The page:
9 Ice Cream Purchases Budget 1 st Quarter Large Milk Shake Production 82,500 76,500 88, ,500 75,000 Ice Cream Required per shake 9 ounces 9 ounces 9 ounces 9 ounces 9 ounces Ounces needed for Large Milk 742, , ,500 2,227, ,000 Shake Production Small Milk Shake Production 55,000 51,000 59, ,000 50,000 Ice Cream Required per shake 6 ounces 6 ounces 6 ounces 6 ounces 6 ounces Ounces needed for Small Milk 330, , , , ,000 Shake Production Total Ounces Required for 1,072, ,500 1,150,500 3,217, ,000 Production Plus: Desired Ending Inventory 99, ,050 97,500 97,500 97,500 Total Ounces Available 1,171,950 1,109,550 1,248,000 3,315,000 1,072,500 Less: Beginning -0-99, , ,500 Total Ounces to be Purchased 1,171,950 1,010,100 1,132,950 3,315, ,000 Cost per ounce \$ 0.04 \$ 0.04 \$ 0.04 \$ 0.04 \$ 0.04 Total Cost of Ice Cream to be Purchased \$46, \$40, \$45, \$132, \$39, DIRECT MATERIALS BUDGET FLAVORINGS. The direct materials budget for flavorings was prepared using the following assumptions: 10% of next month s expected flavoring needs are desired to be left in ending inventory as a safety cushion. Cost of flavorings was \$ 0.40 for a large shake and \$ 0.25 for a small shake. Flavorings Purchases Budget - 1 st Quarter Large Milk Shake Production 82,500 76,500 88, ,500 75,000 Plus: Desired Ending Inventory 7,650 8,850 7,500 7,500 7,500 Total Available 90,150 85,350 96, ,000 82,500 Less: Beginning Inventory -0-7,650 8, ,500 Total to be Purchased 90,150 77,700 87, ,000 75,000 Cost per unit \$ 0.40 \$ 0.40 \$ 0.40 \$ 0.40 \$ 0.40 Total Cost of Flavorings to be Purchased for Large Milk Shakes \$36, \$31, \$34, \$102, \$30, Small Milk Shake Production 55,000 51,000 59, ,000 50,000 Plus: Desired Ending Inventory 5,100 5,900 5,000 5,000 5,000 Total Available 60,100 56,900 64, ,000 55,000 Less: Beginning Inventory -0-5,100 5, ,000 Total to be Purchase 60,100 51,800 58, ,000 50,000 Cost per unit \$ 0.25 \$ 0.25 \$ \$ 0.25 \$ 0.25 Total Cost of Flavorings to be Purchased for Small Milk Shakes \$15, \$12, \$14, \$42, \$12, Total Cost of Flavorings to be Purchased for ALL Milk Shakes \$51, \$44, \$49, \$144, \$42, Journal of Accounting and Finance vol. 13(6) 2013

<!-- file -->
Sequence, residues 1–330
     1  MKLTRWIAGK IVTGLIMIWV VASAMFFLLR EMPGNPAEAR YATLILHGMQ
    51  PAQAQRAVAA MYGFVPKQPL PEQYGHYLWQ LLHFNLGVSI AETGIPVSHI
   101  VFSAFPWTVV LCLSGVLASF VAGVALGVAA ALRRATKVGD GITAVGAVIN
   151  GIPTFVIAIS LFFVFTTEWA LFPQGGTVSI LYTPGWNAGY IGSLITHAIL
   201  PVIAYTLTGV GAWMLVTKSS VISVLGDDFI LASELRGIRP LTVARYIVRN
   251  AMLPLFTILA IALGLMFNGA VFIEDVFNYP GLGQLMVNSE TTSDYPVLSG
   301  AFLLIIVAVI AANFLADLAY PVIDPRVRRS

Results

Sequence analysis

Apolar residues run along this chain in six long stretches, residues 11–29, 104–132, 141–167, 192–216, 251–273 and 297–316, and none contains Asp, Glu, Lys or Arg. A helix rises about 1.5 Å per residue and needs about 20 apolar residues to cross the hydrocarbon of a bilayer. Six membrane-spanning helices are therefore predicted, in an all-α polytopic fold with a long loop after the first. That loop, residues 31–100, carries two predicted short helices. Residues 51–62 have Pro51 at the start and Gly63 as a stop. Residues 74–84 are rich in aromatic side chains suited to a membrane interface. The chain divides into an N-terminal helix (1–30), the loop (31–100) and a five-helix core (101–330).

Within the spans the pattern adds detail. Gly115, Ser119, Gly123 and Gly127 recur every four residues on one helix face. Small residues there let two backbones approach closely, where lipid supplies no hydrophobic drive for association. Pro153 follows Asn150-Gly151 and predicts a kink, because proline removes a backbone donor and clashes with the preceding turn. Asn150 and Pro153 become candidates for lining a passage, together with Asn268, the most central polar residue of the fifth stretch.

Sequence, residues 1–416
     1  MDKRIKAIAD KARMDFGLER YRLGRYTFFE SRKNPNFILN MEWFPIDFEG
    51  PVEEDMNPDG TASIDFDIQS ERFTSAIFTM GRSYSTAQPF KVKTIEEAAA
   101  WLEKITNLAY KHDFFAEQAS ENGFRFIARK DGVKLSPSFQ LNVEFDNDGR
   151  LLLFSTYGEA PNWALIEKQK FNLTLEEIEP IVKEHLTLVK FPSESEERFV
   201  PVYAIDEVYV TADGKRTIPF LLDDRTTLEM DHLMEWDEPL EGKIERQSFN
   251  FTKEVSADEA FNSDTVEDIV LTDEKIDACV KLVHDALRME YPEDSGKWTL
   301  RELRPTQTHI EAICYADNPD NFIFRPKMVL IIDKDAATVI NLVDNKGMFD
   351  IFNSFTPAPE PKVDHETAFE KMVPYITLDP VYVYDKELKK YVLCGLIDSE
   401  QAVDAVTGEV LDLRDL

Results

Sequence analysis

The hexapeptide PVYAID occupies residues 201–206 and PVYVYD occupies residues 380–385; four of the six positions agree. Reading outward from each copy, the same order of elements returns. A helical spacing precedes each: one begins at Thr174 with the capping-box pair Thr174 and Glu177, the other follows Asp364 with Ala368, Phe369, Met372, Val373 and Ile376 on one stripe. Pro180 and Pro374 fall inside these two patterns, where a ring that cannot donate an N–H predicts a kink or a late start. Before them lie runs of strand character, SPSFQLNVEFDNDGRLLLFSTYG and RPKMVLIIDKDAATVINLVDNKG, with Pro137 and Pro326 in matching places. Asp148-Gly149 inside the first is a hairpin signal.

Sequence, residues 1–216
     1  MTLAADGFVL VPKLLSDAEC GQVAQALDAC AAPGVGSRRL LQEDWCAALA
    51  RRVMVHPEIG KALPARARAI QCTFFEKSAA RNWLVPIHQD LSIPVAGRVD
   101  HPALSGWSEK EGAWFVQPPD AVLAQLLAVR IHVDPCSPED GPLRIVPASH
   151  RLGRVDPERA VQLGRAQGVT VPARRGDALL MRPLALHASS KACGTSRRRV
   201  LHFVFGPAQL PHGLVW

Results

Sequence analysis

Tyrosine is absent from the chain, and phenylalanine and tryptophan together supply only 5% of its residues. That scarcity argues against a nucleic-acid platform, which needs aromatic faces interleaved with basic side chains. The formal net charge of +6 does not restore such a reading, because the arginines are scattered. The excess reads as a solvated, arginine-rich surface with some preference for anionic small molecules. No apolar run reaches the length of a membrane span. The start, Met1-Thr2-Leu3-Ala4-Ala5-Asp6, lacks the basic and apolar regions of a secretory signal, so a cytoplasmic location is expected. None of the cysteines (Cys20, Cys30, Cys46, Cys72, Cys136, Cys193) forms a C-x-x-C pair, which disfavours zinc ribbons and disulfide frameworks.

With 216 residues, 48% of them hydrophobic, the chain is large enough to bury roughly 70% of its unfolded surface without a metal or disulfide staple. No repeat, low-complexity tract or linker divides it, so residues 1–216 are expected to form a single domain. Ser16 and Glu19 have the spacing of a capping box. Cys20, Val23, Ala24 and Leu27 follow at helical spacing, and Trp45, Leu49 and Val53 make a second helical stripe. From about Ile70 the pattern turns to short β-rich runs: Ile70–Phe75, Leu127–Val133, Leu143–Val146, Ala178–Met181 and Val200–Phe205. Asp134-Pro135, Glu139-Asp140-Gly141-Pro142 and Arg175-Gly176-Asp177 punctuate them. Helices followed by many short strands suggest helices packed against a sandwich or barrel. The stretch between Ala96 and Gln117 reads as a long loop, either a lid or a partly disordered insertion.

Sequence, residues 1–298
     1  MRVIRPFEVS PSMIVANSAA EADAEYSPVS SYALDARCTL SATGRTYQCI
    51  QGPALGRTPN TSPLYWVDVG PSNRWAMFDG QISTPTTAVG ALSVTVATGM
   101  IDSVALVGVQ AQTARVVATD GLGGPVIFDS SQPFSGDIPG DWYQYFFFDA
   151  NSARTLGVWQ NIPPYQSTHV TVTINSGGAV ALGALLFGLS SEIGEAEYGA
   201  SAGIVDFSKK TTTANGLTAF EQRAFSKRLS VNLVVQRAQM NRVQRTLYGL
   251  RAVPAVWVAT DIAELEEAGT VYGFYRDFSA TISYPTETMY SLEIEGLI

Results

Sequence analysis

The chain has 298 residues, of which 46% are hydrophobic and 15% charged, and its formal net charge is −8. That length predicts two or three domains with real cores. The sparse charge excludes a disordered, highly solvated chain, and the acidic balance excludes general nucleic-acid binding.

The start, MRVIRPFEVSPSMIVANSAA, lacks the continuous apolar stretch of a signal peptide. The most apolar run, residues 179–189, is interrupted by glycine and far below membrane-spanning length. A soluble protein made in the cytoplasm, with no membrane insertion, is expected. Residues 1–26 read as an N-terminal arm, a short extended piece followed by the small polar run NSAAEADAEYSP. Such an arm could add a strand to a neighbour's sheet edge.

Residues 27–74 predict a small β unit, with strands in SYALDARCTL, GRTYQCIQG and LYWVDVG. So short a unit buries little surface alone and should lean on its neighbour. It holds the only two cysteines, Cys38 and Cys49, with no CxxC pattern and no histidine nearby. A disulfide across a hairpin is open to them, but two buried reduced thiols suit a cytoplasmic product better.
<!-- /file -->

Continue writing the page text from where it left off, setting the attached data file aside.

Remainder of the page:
10 DIRECT MATERIALS BUDGET STRAWS. The direct materials budget for straws was prepared using the following assumptions: 10% of next month s expected straw needs are desired to be left in ending inventory as a safety cushion. Cost per straw is \$ Straws Purchases Budget 1 st Quarter Large Milk Shake Production 82,500 76,500 88, ,500 75,000 Small milk shake Production 55,000 51,000 59, ,000 50,000 Total straws Required for Production 137, , , , ,000 Plus: Desired Ending Inventory 12,750 14,750 12,500 12,500 12,500 Total Available 150, , , , ,500 Less: Beginning Inventory -0-12,750 14, ,500 Total Straws to be Purchased 150, , , , ,000 Cost per straw \$ 0.75 \$ 0.75 \$ 0.75 \$ 0.75 \$ 0.75 Total cost of straws to be Purchased \$112, \$97, \$108, \$318, \$93, DIRECT MATERIALS BUDGET CUPS. The direct materials budget for cups was prepared using the following assumptions: 10% of next month s expected cup needs are desired to be left in ending inventory as a safety cushion. Cost per cup is \$ 0.50 for a large shake and \$ 0.40 for a small shake. Cups Purchases Budget 1 st Quarter Large Milk Shake Production 82,500 76,500 88, ,500 75,000 Plus: Desired Ending Inventory 7,650 8,850 7,500 7,500 7,500 Total Available 90,150 85,350 96, ,000 82,500 Less: Beginning Inventory -0-7,650 8, ,500 Total cups to be Purchased 90,150 77,700 87, ,000 75,000 Cost per Cup \$ 0.50 \$ 0.50 \$ 0.50 \$ 0.50 \$ 0.50 Total Cost of Cups to be Purchased \$45, \$38, \$43, \$127, \$37, Cups Purchases Budget 1 st Quarter Small Milk Shake Production 55,000 51,000 59, ,000 50,000 Plus: Desired Ending Inventory 5,100 5,900 5,000 5,000 5,000 Total Available 60,100 56,900 64, ,000 55,000 Less: Beginning Inventory -0-5,100 5, ,000 Total cups to be Purchased 60,100 51,800 58, ,000 50,000 Cost per Cup \$ 0.40 \$ 0.40 \$ 0.40 \$ 0.40 \$ 0.40 Total Cost of Cups to be Purchased \$24, \$20, \$23, \$68, \$20, Journal of Accounting and Finance vol. 13(6)